Why the Facebook ‘dislike’ button would’ve been terrible for cyberbullying


The news media recently exploded when reports surfaced that Facebook was developing a “dislike” button. TechCrunch then clarified that the story had been misreported—instead of developing a “dislike” button, Facebook is instead developing an “empathy” button. The latter of the two would supposedly would allow users an easier way to give their condolences when it comes to posts about difficult matters, such as the death of a loved one.


Many people still, however, believe that Facebook that is developing a “dislike” button. And a number of Twitter users are sharing mixed feelings about the prospect of displaying disapproval with a swift click.

I personally let out a sigh of relief when the story’s details were clarified, but not because I was worried about subtle shade from my friends in the form of a thumbs down. The “dislike” button would have made it even easier to cyberbully people on Facebook.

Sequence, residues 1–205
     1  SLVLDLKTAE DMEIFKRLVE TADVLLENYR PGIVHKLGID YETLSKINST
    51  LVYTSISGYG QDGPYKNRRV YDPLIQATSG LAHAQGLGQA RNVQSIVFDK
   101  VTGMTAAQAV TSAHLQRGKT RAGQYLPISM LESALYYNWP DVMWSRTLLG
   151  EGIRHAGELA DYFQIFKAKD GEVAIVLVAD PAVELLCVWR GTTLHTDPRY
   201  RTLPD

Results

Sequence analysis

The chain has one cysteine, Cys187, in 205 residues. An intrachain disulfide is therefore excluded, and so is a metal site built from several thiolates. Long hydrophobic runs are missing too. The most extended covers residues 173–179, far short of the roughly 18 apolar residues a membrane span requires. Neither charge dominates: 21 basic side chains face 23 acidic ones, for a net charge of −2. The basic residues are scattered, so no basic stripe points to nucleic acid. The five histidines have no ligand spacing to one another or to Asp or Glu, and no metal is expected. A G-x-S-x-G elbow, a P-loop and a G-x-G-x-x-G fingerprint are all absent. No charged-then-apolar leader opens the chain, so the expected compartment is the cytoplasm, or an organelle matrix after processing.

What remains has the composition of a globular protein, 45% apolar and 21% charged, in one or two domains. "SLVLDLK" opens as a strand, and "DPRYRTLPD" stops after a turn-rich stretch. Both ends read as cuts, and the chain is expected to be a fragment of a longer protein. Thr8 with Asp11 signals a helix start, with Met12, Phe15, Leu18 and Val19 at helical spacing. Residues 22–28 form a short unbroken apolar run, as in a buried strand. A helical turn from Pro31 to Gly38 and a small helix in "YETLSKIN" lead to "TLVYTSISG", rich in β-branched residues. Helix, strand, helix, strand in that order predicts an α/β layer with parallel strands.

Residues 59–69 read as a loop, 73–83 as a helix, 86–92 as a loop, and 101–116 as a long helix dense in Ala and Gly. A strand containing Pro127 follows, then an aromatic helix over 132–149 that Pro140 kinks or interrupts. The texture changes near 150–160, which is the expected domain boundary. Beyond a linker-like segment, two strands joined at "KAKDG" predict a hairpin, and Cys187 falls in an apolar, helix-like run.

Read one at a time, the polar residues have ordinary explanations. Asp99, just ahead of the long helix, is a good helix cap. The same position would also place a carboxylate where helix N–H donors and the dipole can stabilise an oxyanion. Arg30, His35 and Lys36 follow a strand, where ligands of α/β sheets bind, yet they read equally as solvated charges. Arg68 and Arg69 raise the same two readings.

When I initially heard about the “dislike” button, a lump formed in my throat. I thought back to myself as at ten, eleven, thirteen. I thought about when some kid chopped up the back of my sweatshirt because he didn’t like me. I thought about when two girls put me in a headlock and doused me with water. I thought about the nasty rumors spread about me, and the alienation and despair I constantly felt. How many people would have “disliked” me then?

All of these events took place before the prospect of the “dislike” button, and such a feature will only continue to encourage harmful and dangerous behavior. While Facebook users have been pushing for the introduction of a “dislike” option for years, I doubt the company will ever introduce it—because of the undeniably mean-spirited nature of the concept. What the “dislike” button would have done is make cyberbullying on Facebook even easier and hold people less accountable for their actions.  – Daily Dot